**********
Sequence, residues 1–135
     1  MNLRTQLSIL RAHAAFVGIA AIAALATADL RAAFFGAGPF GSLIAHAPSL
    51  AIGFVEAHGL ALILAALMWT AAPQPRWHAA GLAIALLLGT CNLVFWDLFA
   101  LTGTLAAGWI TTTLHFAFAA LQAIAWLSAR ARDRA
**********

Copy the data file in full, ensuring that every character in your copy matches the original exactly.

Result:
Sequence, residues 1–135
     1  MNLRTQLSIL RAHAAFVGIA AIAALATADL RAAFFGAGPF GSLIAHAPSL
    51  AIGFVEAHGL ALILAALMWT AAPQPRWHAA GLAIALLLGT CNLVFWDLFA
   101  LTGTLAAGWI TTTLHFAFAA LQAIAWLSAR ARDRA